Depression and Morning Sickness

Posted on Apr 2, 2012 | Blog Posts, Morning Sickness News, Shared Experiences Category | | Print This Article

Day 40.
Creative Commons License photo credit: Miss Monday

It’ll only last for a few weeks. By week twelve or thirteen, the morning sickness will pass and it’ll get better. You’ll see. That’s easy enough to say when you’re not the one feeling nauseous all the time. It’s not easy to deal with when you’re the one going through it.

Depression is a common side effect of morning sickness. Usually, the depression lifts when the morning sickness goes away, but enduring those weeks can be grueling, especially when others seem to brush off your blues with an, “it’ll pass.”

If you experience depression as a result of morning sickness (or any other time during or after pregnancy), talk to your doctor about it. You’re not the first person to feel depressed during the early stages of pregnancy, and your doctor will have sound advice regarding how to cope with your feelings of depression.

It’s important to understand that mild depression is perfectly normal during the first trimester. In fact, studies have shown that prenatal depression is more common (though less likely to be treated) than postpartum depression.

Your hormones are doing crazy things, you have a new life growing inside you, and it feels like every time you turn around you’re getting sick. It isn’t easy to go through all that, and when you stack depression onto the rest of it, you’re going to need all the help you can get. It’s OK to reach out for help.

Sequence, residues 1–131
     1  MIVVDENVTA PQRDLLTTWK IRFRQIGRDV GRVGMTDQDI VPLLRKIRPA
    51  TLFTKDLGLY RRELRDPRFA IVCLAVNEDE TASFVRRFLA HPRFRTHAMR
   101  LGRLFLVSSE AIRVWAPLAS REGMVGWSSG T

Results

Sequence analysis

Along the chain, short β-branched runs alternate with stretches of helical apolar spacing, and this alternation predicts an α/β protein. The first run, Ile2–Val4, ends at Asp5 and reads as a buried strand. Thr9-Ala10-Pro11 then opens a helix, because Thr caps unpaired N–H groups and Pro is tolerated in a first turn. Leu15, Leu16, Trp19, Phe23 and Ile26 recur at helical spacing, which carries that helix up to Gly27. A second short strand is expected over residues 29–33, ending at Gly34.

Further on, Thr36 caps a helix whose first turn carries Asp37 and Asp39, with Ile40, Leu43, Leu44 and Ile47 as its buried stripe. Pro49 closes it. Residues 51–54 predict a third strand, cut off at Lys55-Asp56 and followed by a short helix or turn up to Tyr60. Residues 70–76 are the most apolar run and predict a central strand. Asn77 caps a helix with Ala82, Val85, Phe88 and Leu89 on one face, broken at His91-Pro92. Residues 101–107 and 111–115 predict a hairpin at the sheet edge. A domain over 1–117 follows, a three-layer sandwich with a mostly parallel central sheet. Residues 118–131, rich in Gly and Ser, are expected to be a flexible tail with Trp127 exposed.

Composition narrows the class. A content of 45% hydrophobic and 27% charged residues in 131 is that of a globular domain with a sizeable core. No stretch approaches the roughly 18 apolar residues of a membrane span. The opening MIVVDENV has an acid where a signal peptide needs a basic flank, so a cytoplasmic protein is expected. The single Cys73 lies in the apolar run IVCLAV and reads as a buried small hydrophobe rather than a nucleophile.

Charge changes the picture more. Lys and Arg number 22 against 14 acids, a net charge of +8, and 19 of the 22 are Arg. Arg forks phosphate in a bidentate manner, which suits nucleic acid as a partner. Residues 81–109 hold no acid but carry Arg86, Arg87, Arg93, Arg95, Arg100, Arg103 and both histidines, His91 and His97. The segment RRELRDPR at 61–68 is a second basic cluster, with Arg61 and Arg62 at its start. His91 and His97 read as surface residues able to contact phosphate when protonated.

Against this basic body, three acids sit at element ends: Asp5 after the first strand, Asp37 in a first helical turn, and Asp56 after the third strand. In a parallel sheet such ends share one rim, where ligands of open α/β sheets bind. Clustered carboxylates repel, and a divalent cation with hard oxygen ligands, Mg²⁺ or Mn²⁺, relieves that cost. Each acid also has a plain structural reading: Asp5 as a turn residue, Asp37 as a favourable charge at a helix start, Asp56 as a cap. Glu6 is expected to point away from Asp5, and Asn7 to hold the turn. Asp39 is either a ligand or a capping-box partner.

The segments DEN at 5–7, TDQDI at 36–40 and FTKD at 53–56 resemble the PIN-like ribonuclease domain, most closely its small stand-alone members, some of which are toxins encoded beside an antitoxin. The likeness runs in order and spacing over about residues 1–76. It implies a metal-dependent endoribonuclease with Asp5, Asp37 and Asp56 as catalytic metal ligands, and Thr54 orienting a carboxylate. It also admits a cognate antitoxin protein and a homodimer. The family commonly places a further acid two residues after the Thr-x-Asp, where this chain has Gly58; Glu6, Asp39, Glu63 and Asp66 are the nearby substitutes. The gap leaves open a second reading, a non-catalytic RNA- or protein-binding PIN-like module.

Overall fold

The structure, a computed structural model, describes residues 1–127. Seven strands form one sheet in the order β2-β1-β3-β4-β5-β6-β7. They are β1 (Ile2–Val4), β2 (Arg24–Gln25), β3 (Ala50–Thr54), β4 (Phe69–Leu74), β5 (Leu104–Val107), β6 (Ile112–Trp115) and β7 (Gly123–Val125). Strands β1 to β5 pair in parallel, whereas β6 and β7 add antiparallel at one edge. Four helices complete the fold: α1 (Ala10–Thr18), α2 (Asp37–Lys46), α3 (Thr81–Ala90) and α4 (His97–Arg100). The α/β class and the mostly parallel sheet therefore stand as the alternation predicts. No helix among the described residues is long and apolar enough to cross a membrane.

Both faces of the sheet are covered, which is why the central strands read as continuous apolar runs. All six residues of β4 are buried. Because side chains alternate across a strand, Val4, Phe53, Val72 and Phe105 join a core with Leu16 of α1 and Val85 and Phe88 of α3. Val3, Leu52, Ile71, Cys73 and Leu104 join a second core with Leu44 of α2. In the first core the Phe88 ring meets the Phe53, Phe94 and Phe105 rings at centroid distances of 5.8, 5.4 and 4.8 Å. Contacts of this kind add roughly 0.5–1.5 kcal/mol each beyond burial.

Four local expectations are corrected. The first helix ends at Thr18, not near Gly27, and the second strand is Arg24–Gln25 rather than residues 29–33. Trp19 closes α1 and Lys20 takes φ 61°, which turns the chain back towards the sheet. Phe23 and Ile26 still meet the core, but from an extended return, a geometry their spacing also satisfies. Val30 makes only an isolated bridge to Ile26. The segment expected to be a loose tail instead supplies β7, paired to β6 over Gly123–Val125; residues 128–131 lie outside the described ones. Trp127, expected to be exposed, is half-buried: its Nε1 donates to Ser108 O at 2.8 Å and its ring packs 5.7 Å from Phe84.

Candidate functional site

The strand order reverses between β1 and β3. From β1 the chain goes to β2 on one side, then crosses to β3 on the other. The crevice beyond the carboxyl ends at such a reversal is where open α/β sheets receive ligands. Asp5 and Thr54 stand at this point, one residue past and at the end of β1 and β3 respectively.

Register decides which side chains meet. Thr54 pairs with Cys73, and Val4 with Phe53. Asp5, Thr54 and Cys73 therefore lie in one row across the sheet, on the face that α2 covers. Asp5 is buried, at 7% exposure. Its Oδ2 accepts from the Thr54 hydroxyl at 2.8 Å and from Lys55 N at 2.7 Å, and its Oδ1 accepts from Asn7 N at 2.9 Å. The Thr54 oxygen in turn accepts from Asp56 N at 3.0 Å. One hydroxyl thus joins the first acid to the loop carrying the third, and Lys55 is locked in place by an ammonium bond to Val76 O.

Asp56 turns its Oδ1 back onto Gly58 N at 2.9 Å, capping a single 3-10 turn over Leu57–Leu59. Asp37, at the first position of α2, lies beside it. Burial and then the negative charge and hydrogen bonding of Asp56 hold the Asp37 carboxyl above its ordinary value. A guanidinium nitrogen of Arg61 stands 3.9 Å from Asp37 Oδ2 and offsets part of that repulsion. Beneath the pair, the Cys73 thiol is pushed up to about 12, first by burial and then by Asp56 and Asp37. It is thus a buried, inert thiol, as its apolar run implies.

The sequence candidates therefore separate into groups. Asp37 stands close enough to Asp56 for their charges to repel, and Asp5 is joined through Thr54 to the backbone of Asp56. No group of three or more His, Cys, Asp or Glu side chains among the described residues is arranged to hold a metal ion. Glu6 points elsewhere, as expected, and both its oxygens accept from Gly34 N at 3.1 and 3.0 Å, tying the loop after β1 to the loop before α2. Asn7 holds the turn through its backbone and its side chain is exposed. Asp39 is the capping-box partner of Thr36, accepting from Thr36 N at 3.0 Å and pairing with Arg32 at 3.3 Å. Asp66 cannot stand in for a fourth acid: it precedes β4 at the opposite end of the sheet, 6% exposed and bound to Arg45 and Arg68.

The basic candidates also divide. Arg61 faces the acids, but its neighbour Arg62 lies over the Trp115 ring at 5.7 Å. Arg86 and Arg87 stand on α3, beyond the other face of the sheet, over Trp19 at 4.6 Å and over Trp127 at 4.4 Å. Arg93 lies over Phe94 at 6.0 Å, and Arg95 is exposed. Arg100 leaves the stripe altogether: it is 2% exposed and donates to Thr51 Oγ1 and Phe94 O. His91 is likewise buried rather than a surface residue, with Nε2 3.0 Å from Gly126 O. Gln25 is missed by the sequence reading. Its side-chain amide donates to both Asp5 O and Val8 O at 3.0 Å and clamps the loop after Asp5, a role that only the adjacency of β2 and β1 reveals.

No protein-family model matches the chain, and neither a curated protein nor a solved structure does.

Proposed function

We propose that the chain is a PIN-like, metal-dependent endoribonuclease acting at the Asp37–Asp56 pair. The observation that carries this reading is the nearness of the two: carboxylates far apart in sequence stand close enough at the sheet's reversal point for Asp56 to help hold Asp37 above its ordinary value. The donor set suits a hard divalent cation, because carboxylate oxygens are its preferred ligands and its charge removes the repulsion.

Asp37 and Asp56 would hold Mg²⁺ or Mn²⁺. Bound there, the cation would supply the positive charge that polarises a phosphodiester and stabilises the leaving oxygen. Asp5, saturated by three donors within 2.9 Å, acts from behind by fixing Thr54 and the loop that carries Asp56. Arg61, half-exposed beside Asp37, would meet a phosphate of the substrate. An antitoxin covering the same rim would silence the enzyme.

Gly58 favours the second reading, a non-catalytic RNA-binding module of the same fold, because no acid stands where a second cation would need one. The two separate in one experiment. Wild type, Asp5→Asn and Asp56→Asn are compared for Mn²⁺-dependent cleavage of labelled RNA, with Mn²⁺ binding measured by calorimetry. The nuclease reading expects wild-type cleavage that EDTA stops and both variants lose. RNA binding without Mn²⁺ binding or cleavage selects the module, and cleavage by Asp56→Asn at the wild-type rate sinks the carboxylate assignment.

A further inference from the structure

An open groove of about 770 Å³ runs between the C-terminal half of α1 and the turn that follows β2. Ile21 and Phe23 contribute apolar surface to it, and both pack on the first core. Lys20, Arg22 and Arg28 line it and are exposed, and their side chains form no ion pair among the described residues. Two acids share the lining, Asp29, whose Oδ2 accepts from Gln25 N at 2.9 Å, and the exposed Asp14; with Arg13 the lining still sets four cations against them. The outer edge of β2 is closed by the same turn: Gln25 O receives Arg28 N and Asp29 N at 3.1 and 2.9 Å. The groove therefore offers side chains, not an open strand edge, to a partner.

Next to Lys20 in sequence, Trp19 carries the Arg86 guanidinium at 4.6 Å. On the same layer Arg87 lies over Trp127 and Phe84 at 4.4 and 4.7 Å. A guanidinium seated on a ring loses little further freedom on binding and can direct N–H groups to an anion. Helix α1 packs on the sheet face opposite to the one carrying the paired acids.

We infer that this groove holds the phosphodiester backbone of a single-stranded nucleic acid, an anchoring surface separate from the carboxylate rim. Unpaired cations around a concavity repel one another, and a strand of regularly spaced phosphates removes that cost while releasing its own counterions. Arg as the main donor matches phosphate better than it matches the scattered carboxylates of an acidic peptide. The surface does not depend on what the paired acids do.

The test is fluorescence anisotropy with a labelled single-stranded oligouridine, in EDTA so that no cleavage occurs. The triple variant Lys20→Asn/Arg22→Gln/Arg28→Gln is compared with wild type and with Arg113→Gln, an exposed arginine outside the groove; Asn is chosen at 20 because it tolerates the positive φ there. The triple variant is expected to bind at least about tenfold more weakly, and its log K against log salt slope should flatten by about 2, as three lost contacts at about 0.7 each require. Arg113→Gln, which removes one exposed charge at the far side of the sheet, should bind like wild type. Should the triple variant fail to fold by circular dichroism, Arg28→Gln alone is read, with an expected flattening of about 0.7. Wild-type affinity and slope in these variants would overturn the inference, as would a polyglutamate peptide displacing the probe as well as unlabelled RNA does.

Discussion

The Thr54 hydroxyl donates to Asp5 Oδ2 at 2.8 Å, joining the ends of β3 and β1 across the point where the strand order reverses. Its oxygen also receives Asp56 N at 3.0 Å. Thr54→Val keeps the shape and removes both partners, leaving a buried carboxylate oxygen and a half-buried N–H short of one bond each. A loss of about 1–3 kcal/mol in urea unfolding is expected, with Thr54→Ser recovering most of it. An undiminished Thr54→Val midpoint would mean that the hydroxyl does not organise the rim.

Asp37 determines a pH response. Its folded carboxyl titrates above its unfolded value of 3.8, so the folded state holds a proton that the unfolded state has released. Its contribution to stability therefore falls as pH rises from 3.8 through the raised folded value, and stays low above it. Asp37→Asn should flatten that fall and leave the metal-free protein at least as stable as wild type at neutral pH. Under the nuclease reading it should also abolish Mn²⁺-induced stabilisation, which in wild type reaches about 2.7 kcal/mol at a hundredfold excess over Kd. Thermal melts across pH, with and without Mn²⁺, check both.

Even though it’s normal, it’s important to keep your doctor informed of the symptoms you are experiencing, especially if you begin to feel severely depressed. If you notice any of the following signs, go see your doctor and let her know what’s going on:

  • Thoughts of harming yourself
  • Thoughts of harming the baby
  • Extreme difficulty with concentrating
  • Feeling guilty, worthless, hopeless, or helpless
  • Losing interest in activities you enjoy
  • Constant empty, sad feelings
  • Suicidal thoughts or attempts

As trite as it sounds, morning sickness will pass in a few weeks. In most cases, the feelings of depression will pass with it. Even though it seems like forever now, it will pass quickly. Still, if you are feeling depressed, make your doctor aware of it.

Have you experienced feelings of depression because of morning sickness? How are you coping with it?


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